Journal of Plant Physiology & PathologyISSN: 2329-955X

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Short Communication, J Plant Physiol Patho Vol: 11 Issue: 1

Plant Disease Prevention and Management

Wang Su Yu*

Department of Bio Science, University of Macau, Macau, China

*Corresponding Author: Wang Su Yu
Department of Bio Science, University of Macau, Macau, China

Received date: 2 January, 2023, Manuscript No. JPPP-23-89420;

Editor assigned date: 4 January, 2023, Pre QC No. JPPP-23-89420 (PQ);

Reviewed date: 18 January, 2023, QC No JPPP-23-89420;

Revised date: 25 January, 2023, Manuscript No. JPPP-23-89420 (R);

Published date: 03 February, 2023, DOI: 10.4172/ 2329-955X.1000278

Citation: Ogunka-Nnoka CU, Ben-Piakor TE, Mepba HD, Ifeanacho MO (2020) Effect of Processing on Phytochemicals and Nutrient Composition of Tiger Nut (Cyperus esculentus L). J Food Nutr Disor 9:2. doi: 10.37532/jfnd.2020.9(2).271


A plant generally develops a disease when it is persistently bothered by a causal agent that causes an abnormal physiological process that interferes with the plant's natural structure, growth, function, or other activities. The disruption of one or more of a plant's vital physiological or biochemical systems results in the occurrence of recognizable pathological diseases or symptoms[1]. Depending on whether their major cause is infectious or noninfectious, plant diseases can be widely categorized. An infectious pathogenic organism, such as a fungus, bacterium, mycoplasma, virus, viroid, nematode, or parasitic flowering plant, is what causes infectious plant illnesses. An infectious agent is capable of procreating both inside or on its host and spreading to additional hosts that are susceptible to it. Non-infectious plant illnesses are brought on by unfavorable growing conditions, such as temperature extremes, unfavorable oxygen-moisture ratios, noxious materials in the soil or atmosphere, and an abundance or shortage of a vital mineral[2].Noninfectious causal agents are not transmissible since they are not living things that can reproduce inside of a host. In the natural world, multiple disease-causing agents may be affecting plants at once. A plant is frequently more vulnerable to infection by a pathogen when it must deal with nutrient deprivation or an imbalance between soil moisture and oxygen, and a plant that has been infected by one disease is frequently vulnerable to invasion by secondary infections. The term "disease complex" refers to the aggregate of all plant-damaging agents [3].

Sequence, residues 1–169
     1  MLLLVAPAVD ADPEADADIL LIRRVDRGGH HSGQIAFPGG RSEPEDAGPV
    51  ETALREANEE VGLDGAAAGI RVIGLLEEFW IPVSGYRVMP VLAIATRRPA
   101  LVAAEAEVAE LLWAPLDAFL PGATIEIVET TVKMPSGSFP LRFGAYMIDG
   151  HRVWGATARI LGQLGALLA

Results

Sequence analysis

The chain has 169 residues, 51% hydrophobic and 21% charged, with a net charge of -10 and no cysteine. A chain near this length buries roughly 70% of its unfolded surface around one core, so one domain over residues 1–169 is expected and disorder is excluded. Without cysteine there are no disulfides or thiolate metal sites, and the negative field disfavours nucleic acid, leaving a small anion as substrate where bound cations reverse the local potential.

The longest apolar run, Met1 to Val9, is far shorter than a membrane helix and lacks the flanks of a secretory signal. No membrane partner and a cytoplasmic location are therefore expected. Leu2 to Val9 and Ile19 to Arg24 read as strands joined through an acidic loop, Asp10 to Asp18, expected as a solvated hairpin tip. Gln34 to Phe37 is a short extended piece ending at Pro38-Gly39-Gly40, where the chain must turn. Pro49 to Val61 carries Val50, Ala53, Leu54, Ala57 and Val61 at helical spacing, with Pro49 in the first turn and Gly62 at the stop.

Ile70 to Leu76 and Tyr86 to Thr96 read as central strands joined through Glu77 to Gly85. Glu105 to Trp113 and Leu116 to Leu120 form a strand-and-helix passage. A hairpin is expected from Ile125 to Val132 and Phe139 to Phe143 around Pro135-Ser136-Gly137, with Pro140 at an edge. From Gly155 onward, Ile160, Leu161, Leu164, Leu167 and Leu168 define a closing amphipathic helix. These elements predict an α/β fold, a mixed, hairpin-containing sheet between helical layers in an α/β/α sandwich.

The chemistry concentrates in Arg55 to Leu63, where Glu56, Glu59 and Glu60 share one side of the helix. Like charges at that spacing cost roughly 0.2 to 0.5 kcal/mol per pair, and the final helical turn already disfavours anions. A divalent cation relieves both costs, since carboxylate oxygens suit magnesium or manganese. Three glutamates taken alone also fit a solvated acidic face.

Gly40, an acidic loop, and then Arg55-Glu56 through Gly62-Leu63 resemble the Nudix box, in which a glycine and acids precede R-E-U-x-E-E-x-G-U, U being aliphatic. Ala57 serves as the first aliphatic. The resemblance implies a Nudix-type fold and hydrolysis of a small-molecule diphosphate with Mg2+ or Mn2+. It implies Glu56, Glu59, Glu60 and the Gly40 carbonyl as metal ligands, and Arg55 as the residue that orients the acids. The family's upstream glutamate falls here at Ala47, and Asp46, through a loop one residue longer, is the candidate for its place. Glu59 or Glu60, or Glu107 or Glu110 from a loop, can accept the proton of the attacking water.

The Extension Plant Pathology Team at the University of Nebraska- Lincoln Department of Plant Pathology created the content in this area. It is intended to assist crop producers, agricultural consultants, extension educators, and other agricultural professionals in Nebraska diagnose and control plant diseases, a significant yield limiting factor for many Nebraska crops. Finding a reliable diagnosis is the most important factor in the profitable management of plant diseases. The question of whether diseases will strike Nebraska in a particular year is irrelevant; what matters is which illnesses strike, how frequently, and how severely [4].

Disease prevention techniques

Plant diseases can cause significant harm to crops and gardens,reducing yield and quality. To prevent and manage plant diseases, it's important to follow these best practices:

Proper planting: Make sure to plant crops in well-draining soil in a location that provides adequate air circulation to prevent fungal diseases from spreading.

Crop rotation: Rotating crops annually helps reduce the buildup of disease-causing organisms in the soil.

Proper watering: Overwatering can lead to an increase in fungal diseases, so it's important to water plants thoroughly, but infrequently, and avoid getting the leaves wet.

Sanitation: Remove and destroy infected plant parts, including leaves and fruits, to reduce the spread of disease.

Fertilization: Provide plants with the proper nutrients to promote healthy growth and increase their resistance to disease.

Chemical control: If necessary, fungicides and insecticides can be used to control specific diseases and pests. However, it's important to follow label instructions and to rotate the use of different chemicals to avoid the development of resistance [5].

Monitoring: Regularly inspect plants for signs of disease, such as yellowing leaves, discoloration, or wilting, and take action if necessary.

By following these guidelines, you can help prevent and manage plant diseases and maintain a healthy garden or farm.


In conclusion, bacteria that have the ability to commandeer the cellular machinery and nutrition in our bodies are what cause infectious diseases. There is no one approach to effectively control the spread of infectious diseases; instead, it requires collaboration between people, communities, and healthcare institutions.


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